Nobody who saw Soul Kitchen, Fatih Akin’s dryly existential comedy, could have mistaken it for a fount of rambunctious laughs, but Sundar C, against all odds, takes its ingredients – one run-down restaurant; two brothers (one of them just sprung from jail) who seek to restore it to former glory; an unfortunate game of cards – and cooks up a reasonably diverting entertainment. Kalakalappu @ Masala Café is one of those films made with all the finesse of the old television dramas (before the mega-serials swallowed them up whole with a bone-shattering belch), and you’d be right to wonder why walk to the theatre to see something that would work just as well as scattered episodes on YouTube. But if your antennae are tuned into the vibe, these movies work better with an audience around – there’s something infectious about a theatre filled with happy people. The mediocre jokes become good ones, and the good gags come off like bursts of dada genius – like the stretch where a policeman, hit on the head, begins to imagine the people around him as cops from older Tamil movies. A little nonsense goes a long way.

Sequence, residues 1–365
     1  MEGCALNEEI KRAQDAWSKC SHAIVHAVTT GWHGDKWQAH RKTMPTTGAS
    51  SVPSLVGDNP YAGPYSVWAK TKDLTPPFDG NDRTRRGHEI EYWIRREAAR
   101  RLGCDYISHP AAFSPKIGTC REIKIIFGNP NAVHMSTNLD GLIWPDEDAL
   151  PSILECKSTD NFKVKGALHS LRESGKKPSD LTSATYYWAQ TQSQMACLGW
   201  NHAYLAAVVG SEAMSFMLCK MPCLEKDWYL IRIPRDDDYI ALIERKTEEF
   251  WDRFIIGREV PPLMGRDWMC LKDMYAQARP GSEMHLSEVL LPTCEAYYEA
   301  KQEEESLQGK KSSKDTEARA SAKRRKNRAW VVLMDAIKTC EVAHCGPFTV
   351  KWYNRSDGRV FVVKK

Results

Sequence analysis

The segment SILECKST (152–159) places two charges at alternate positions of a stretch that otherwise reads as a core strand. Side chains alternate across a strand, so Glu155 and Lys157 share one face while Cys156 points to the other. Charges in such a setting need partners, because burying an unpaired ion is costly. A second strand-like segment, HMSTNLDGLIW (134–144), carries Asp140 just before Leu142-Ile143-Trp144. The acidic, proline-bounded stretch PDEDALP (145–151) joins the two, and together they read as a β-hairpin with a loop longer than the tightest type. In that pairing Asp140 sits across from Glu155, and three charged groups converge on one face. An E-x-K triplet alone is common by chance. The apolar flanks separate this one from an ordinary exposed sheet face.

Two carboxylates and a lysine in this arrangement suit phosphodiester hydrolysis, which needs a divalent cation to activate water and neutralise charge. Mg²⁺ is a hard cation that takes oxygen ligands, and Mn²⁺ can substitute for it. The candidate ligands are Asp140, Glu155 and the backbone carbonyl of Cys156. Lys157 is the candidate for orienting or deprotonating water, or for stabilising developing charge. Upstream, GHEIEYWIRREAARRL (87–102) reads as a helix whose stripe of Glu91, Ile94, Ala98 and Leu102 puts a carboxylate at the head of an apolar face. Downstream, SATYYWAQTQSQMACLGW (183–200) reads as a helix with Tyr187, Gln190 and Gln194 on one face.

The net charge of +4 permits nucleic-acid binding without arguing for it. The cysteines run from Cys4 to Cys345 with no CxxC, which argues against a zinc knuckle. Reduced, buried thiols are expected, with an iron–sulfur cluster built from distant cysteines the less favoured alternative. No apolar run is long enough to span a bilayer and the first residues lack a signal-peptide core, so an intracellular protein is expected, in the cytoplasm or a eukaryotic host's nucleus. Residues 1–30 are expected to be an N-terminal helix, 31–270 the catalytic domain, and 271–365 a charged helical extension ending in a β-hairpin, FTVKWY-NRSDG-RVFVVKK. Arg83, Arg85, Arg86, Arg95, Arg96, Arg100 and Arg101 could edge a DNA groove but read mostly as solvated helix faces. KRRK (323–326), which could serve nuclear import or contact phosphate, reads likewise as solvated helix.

Vimal and Anjali (all glammed up) have a few amusing scenes early on, but it’s with Shiva’s entrance that Kalakalappu really takes off. The actor has a way of seizing lines that might look fatally flat on paper (“Edhukkaaga indha bad games?”) and making them outrageously funny, and you have to respect the abject shamelessness of a mind that can rhyme “kathirikka knife” with “Katrina Kaif.” Ilavarasu, as a man reduced to (as he puts it himself) donning as many disguises as Kamal Haasan in Dasavatharam, is even funnier in his handful of scenes, the pick of his avatars being the uproarious “Amitabh mama.” Crazy Mohan, in his heyday, would have approved. Santhanam, on the other hand, is a bust as the rival for Anjali’s affections, but by then you’ll probably be in too buoyant a mood to care. Sundar C fills his lively canvas with a corrupt cop and a villain after missing diamonds, and these discursions occasionally put a brake on the proceedings. Thankfully, the kitchen sink, aka the doting grandfather who flies through a car’s windshield, is always round the corner.
Copyright ©2012 Baradwaj Rangan. This article may not be reproduced in its entirety without permission. A link to this URL, instead, would be appreciated.